Author Toni Morrison, said, “I remember a very important lesson that my father taught me when I was 12 or 13. He said, ‘You know, today I welded a perfect seam and I signed my name to it.’ And I said, ‘But, Daddy, no one’s going to see it!’ And he said, ‘Yeah, but I know it’s there.’”
In a book I was reading, one of the characters commented that the time of day was “the hour that’s the seam between day and night.” What a visual image that paints — that literally there are interlacing threads between day and night that stitch the entities together as a unifying whole. I liken it to items of clothing that, at one point in time, are separate pieces of fabric until they’re sewn together to create an entirely different article that makes the separateness fade into obscurity. And, while we may not notice the seam in our clothing or the seam on that tool we’re using or the seam between day and night, we surely notice it when it’s missing.
This “seam” metaphor got me thinking about the many ways in which different facets of our lives thread together to write our stories. And how, sometimes, though we may recognize that which stitches us and other entities together, we don’t always appreciate what that seam represents in the totality of the life experience. Those seams may be the difference between being connected or alone, being employed or jobless, being free or controlled, being loved or unnoticed, being fulfilled or empty, being learned or ignorant, being present or absent, and so much more. Whatever that seam may be, it represents something for which we ought to be grateful.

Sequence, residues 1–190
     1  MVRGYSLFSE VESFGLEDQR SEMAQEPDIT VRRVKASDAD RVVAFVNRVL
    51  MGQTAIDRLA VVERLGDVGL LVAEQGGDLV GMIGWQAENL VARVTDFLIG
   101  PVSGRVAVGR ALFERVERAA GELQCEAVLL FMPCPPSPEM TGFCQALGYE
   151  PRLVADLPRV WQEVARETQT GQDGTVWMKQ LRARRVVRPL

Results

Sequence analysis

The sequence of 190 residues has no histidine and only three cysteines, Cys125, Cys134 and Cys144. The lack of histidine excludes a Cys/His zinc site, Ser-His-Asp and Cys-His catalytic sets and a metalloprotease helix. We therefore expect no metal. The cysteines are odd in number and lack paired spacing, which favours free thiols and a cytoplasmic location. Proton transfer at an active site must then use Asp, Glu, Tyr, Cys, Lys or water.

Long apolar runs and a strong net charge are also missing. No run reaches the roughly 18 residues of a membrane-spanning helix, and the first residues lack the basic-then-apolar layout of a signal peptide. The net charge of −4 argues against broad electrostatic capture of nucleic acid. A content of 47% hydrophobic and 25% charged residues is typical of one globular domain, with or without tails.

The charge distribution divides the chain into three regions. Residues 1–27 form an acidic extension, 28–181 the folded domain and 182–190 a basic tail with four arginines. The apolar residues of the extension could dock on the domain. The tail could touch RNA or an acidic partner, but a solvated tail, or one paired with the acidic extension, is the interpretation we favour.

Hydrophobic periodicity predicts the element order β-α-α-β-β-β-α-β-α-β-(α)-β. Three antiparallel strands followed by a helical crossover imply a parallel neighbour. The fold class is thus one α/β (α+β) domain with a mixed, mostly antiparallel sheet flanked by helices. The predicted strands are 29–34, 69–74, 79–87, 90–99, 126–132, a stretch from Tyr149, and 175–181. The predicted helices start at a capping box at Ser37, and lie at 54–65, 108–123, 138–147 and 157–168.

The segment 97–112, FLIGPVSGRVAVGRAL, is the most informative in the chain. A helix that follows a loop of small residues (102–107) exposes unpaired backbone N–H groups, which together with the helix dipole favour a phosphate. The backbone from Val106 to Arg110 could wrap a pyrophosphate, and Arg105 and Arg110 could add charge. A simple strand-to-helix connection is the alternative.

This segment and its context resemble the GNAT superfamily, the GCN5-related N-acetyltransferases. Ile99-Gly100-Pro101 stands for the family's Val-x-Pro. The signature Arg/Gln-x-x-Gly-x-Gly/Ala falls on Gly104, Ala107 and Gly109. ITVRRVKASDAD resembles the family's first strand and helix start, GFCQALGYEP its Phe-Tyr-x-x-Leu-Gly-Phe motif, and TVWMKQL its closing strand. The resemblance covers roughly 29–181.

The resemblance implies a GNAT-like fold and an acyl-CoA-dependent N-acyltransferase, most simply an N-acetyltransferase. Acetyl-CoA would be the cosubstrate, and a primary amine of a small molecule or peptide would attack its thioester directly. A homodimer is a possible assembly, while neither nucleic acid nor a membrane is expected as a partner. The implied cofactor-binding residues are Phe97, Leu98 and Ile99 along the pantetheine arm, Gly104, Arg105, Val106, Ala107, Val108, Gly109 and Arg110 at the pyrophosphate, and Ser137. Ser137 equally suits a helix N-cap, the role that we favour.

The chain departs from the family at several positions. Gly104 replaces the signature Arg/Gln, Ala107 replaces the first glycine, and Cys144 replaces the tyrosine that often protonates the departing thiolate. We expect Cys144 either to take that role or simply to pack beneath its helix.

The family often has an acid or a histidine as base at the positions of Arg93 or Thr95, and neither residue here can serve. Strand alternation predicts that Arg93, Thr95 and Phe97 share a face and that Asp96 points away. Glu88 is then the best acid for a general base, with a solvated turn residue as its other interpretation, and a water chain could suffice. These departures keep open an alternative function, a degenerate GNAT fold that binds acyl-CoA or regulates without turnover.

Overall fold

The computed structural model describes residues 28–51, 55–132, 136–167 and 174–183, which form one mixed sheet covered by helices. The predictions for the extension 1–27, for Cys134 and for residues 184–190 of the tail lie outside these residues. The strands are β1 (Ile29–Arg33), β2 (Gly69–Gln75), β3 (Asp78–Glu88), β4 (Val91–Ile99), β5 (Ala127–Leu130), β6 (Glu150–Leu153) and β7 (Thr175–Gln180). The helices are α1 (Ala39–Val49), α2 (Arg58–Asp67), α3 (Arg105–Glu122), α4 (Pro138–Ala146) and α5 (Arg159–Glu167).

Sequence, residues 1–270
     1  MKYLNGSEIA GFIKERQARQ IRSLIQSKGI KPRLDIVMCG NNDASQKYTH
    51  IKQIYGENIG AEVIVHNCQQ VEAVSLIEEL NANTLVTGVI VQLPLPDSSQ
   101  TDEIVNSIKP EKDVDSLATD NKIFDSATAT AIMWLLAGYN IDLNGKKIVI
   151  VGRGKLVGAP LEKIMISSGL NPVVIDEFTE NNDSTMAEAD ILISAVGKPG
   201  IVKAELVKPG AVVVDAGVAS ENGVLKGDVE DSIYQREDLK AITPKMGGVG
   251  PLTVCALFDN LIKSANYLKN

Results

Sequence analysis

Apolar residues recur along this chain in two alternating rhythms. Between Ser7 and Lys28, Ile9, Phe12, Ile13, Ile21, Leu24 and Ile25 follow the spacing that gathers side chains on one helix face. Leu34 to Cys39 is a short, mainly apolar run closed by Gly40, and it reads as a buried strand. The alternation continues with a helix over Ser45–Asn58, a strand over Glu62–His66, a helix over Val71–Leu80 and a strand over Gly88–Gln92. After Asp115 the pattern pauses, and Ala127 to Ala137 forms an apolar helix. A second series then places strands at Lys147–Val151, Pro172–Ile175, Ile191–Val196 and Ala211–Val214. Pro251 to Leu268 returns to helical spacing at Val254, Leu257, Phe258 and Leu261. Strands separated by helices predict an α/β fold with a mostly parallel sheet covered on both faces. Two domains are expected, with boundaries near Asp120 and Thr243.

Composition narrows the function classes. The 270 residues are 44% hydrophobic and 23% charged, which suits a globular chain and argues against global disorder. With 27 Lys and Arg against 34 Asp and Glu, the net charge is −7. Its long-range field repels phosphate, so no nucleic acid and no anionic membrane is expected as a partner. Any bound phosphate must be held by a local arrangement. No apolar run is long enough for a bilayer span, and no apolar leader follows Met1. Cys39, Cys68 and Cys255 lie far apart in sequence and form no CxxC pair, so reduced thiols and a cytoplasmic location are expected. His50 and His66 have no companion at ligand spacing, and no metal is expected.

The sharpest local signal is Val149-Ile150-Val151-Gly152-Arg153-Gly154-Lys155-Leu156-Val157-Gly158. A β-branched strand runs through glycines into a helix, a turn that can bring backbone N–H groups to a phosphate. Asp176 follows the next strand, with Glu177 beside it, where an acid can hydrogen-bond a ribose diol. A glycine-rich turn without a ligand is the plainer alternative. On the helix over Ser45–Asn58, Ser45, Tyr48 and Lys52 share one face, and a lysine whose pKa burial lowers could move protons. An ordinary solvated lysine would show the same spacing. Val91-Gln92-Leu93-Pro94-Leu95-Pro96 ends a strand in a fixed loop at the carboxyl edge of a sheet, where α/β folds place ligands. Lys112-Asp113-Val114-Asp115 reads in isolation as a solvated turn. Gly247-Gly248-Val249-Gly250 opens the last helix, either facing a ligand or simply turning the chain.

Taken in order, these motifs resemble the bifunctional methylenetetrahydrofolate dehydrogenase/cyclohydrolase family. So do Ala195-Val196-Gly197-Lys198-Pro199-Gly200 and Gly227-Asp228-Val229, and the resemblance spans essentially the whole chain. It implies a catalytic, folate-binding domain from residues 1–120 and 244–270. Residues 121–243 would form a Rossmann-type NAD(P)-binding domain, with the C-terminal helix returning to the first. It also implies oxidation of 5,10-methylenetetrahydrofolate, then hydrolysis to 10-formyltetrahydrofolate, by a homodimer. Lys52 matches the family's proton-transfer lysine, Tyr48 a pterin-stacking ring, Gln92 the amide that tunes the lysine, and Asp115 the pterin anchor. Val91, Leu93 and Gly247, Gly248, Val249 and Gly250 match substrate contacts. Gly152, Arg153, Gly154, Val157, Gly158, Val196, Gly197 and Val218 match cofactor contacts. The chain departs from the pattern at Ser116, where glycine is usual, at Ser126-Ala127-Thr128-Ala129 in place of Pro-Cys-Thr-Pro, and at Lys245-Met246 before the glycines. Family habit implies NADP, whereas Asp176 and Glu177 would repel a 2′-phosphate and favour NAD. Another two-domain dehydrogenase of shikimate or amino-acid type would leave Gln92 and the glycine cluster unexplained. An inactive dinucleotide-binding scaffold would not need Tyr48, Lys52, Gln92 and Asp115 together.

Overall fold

Let’s just think for a moment about each seam we may take for granted. The love that’s the seam between parent and child means I have someone in my life that I love and who loves me in return. The work ethic that’s the seam between employee and company means I have a job that allows me to make ends meet. The commitment that’s the seam between husband and wife, brother and sister, friend and friend means I am not alone. The talent that’s the seam between musician and instrument means I get to enjoy creating and being a part of culture. The loyalty that’s the seam between country and soldier means I get to exercise freedom of choice. The training that’s the seam between educator and student means I get to pour value into others’ lives. And the hour that’s the seam between day and night means I’ve lived to see another day.
As Toni Morrison’s dad said, though no one else may ever see that seam he created with his welding instrument, he knows it’s there and that’s what matters. We know and are known by the seams that weave us together in the story that is our life. What do your “seams” look like — are they frayed, torn, tattered and unkempt or are they neat, clean, together and groomed? It matters because… Your life is what it “seams” and it has your name written all over it.